Communities Minister Andrew Stunell today announced that community groups will be able to apply for Government cash to bring empty homes that…
Communities Minister Andrew Stunell today announced that community groups will be able to apply for Government cash to bring empty homes that blight neighbourhoods back into use.
Community and voluntary organisations will now be able to bid for part of £100m Government funding for pioneering housing schemes that will ensure empty properties that ruin neighbourhoods are lived in once again, and at the same time provide affordable housing. Many of these schemes will also have wider benefits such as providing excellent training opportunities for local people.
Mr Stunell said that tackling the 700,000 empty homes across the country was a top priority for the Government, and would be a key feature in the drive to increase the provision of affordable housing.
The Government will also consult in due course on plans to allow councils local discretion to introduce a council tax premium on homes in their area that have been empty for more than two years, to provide a stronger incentive to get the homes back into productive use and remove the blight from such properties on local neighbourhoods.
Communities Minister Andrew Stunell said:
There is a desperate need in this country for affordable housing, and yet for every two families that need a home, there is one property standing empty. This is a national scandal, and after years of inaction and inertia, this Government is determined to get to grips with the problem.
That’s why I am today announcing that community and voluntary organisations will now be able to apply for a slice of £100m to tackle empty homes. With the new homes bonus applying to empty homes as well as new ones, councils can also receive six years worth of funding for every home they bring back into use. And I will continue to explore all options so it is always in the interest of councils to tackle empty homes.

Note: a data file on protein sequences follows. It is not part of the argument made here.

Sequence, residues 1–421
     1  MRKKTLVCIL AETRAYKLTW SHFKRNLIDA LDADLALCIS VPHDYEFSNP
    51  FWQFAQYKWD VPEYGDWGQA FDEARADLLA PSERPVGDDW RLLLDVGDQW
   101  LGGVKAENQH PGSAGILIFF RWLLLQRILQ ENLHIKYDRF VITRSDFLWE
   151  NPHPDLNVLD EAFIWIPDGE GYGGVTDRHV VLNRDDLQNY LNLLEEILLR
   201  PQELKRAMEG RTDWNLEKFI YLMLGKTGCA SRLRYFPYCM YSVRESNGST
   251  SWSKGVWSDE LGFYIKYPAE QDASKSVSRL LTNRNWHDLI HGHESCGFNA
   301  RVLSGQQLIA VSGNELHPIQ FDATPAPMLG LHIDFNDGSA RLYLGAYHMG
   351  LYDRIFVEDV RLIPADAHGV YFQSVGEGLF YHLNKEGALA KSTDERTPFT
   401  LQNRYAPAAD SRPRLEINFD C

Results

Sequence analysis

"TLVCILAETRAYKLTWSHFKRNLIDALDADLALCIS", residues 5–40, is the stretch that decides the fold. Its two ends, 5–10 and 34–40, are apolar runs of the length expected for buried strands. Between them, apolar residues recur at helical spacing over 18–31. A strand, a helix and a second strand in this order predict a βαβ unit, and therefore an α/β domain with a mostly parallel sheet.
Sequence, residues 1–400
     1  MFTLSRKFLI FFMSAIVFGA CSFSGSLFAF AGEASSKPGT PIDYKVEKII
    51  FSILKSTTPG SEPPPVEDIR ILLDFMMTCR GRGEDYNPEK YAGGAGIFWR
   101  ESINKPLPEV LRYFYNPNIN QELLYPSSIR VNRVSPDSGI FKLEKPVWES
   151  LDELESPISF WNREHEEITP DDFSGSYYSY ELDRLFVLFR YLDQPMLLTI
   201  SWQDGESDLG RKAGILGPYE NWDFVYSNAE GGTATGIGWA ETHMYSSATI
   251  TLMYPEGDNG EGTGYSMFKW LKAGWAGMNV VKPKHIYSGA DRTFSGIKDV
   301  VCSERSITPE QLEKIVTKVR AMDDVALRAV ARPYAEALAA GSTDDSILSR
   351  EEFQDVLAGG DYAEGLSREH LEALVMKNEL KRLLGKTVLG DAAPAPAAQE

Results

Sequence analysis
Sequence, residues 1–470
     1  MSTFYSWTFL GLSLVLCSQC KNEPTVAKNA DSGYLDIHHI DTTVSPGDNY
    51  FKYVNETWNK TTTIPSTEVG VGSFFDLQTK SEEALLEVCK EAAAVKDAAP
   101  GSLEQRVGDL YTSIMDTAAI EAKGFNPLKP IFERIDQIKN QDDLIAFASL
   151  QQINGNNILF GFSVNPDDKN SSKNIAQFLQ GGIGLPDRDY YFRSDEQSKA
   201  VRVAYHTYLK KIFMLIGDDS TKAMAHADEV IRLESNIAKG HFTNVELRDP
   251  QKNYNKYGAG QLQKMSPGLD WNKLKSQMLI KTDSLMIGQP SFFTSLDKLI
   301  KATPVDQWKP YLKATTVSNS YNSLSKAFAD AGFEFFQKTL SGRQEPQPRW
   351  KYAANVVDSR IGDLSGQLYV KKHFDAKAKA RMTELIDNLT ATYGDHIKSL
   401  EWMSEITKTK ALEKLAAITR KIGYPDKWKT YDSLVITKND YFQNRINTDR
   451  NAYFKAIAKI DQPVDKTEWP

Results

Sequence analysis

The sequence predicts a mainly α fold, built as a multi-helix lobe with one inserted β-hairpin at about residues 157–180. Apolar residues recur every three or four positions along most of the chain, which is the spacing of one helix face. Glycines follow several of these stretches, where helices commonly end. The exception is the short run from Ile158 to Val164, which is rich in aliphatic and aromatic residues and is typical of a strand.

Community and self help groups will now have the opportunity of applying for financial backing to tackle empty homes, with formal bidding guidance to be published shortly. Previously only conventional housing providers could apply. Community-led schemes are already doing excellent work in this area, as well as providing valuable skills for local people, helping them get a job and a roof over their heads.
Youthbuild in Harrogate - the charity purchases empty homes for refurbishment by trainees under the guidance of a mentor. The refurbished properties are rented out to the trainees. This provides employment, training and affordable housing, while also giving young people a long term stake in the local area.
Housing Action in Suffolk and Norfolk - the thriving social enterprise works with the owners of empty properties - offering them a competitive lettings service while bringing empty homes back into use for vulnerable tenants.
By including empty homes brought back into use within the New Homes Bonus, the Government is also giving councils the same financial rewards for bringing an empty home back into use as building a new one - nearly £9,000 for a band D property. Already in year one of the New Homes Bonus, just under 16,000 long term empty homes were brought back into use, equating to a reward for councils of around £19m.
Formal bidding guidance for community groups who want to apply for Government funding will be published shortly. In the Autumn the Government will also publish its approach to tackling empty homes, as part of the wider Housing Strategy.
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